Live review from Playful Palooza:
Keisha Buckland & Band
2. Darling Carolina
4. Cut the source
6. Feather by Sabrina Carpenter (cover)
7. What If
Opening The Underground’s programme at the AIA Carnival was 17-year-old Keisha Buckland, a singer who brought warmth and personality to the harbourfront with her band of friends and powerful songs.
Chris B was “bowled away” by Keisha when she performed solo at a Shazza night and rightly placed her onto an Underground bill without delay. In a sea of one-dimensional pop rock, Keisha stands out in the range of her musical palette and ability to capture an audience’s attention with her earnest stage presence and emotionally articulate open-diary lyrics.
Her smooth, mellow voice was introduced on opening song Hindsight, which combined softly strummed guitar with candid lyrics and led into Darling Carolina’s catchy chorus. She dealt with heavy subject matter with maturity: lyrics like “I like when you demean me” and “Board that train and let it take me away” on the captivating Locomotive spoke to a darker side of relationships and longing.
The band, though displaying great chemistry and camaraderie on stage, would slip in and out of time, and the pitch and strength of Keisha’s voice wavered, especially during the first half of the set while her confidence was still growing. Nevertheless, the audience was encouraging, and the upbeat nature of the songs and dynamism of Keisha as a figure onstage drew people away from the carnival games and held them rapt throughout the seven song set.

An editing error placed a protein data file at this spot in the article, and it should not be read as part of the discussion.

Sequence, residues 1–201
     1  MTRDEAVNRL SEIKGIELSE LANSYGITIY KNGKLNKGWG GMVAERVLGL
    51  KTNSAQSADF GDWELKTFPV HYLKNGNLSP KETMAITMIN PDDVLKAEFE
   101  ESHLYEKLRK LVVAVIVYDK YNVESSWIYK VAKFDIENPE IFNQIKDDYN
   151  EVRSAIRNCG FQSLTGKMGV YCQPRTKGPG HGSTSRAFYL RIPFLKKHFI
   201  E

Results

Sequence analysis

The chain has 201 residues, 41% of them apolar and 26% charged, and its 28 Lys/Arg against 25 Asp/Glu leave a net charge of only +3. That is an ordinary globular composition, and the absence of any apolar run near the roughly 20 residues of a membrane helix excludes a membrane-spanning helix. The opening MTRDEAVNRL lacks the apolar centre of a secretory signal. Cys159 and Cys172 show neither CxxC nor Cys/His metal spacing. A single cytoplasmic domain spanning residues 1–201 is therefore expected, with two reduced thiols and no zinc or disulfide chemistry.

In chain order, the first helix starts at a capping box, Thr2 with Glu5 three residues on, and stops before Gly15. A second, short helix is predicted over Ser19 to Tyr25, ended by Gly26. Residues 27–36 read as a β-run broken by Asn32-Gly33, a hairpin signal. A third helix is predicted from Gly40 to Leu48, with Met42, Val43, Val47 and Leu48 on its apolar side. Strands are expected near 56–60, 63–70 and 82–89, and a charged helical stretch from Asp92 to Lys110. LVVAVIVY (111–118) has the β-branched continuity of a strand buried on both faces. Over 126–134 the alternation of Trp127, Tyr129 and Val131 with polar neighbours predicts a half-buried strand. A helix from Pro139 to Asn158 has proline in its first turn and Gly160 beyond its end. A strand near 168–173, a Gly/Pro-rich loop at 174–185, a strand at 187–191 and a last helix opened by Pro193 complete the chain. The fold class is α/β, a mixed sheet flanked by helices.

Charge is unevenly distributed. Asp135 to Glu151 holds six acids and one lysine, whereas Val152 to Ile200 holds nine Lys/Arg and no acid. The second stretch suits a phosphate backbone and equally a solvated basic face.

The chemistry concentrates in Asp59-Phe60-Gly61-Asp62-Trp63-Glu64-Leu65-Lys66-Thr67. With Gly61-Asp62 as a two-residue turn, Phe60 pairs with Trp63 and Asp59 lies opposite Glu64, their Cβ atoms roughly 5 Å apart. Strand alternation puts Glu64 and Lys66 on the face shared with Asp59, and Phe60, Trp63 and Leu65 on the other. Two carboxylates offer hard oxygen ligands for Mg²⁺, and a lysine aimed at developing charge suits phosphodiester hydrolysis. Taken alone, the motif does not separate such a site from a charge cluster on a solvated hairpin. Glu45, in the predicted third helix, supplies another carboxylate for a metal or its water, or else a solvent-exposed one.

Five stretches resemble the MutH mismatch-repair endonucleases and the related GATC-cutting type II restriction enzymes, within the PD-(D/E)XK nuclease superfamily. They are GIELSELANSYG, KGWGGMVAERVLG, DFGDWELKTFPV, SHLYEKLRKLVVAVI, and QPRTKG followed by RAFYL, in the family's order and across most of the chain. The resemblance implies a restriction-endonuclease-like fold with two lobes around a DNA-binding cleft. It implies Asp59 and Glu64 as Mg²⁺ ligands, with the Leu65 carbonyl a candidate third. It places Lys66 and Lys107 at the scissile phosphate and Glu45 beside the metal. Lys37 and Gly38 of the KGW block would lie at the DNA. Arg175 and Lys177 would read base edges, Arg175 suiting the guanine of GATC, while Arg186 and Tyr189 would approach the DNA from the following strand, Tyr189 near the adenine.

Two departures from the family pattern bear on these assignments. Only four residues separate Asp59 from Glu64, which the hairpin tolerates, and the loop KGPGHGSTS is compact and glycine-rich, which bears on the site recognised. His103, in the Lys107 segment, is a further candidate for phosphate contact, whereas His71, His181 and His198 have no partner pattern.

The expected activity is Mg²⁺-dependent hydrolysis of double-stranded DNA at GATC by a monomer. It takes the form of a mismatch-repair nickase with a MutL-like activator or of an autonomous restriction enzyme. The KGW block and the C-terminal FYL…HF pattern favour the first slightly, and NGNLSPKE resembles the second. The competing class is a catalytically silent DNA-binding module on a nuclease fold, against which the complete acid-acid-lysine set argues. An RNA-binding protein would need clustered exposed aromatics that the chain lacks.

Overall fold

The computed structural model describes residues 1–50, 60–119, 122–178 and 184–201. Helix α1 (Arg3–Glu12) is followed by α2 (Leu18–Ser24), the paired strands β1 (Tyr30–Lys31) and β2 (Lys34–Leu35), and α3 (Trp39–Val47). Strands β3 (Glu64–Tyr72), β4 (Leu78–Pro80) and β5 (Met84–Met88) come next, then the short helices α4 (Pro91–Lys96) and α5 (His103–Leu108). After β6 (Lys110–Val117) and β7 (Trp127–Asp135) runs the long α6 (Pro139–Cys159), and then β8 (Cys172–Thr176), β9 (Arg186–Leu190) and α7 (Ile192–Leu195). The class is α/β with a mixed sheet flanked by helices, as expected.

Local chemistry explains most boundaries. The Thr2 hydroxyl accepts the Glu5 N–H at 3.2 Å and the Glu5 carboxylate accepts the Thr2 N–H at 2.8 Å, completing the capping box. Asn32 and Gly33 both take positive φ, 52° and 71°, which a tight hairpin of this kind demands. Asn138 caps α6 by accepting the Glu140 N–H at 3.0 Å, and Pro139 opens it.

Cut The Source, “a song about having a best friend”, performed solo by Keisha, paired self-observational second-person lyrics, telling an unnamed interlocutor “he’s not worth the price of therapy” and “maybe it’s time to cut to the hours of tearing your hair out”. It wasn’t clear who she was speaking to, which made it interesting to ponder whether she was addressing her younger self.
The full band returned for Ammonite, which paired a simple bassline with a clean, down-strummed guitar. It sounded the least rehearsed and fleshed out of the tunes; a slight bald patch in a mostly richly crafted set, but represented only a momentary blip before the players knitted back into a rhythm again.
On closer What If, Keisha sang “What if all of a sudden we were the only two on earth? What if I was the person you could turn to if you got hurt?” For audience members, the lyrics were relatable: everyone at some point in their life has been left scratching their heads trying to figure out what the opposite sex is thinking and wondering why the path to love isn’t always easy.
A breezy cover of Sabrina Carpenter’s Feather (Keisha’s number one track on Spotify Wrapped) stood out for how confidently it was performed. Spoken sections were delivered with charisma, recalling Taylor Swift’s listener-addressing cutaways. Swift and Olivia Rodrigo would be natural comparisons to make to Keisha, but Fleetwood Mac or Carol King wouldn’t be overstated references either: it was clear Keisha has absorbed music from a range of different eras and genres and emerged with her own, very personal style. Her future stage appearances will be unmissable as she continues on her musical journey and continues to grow as an exciting new voice on the Hong Kong scene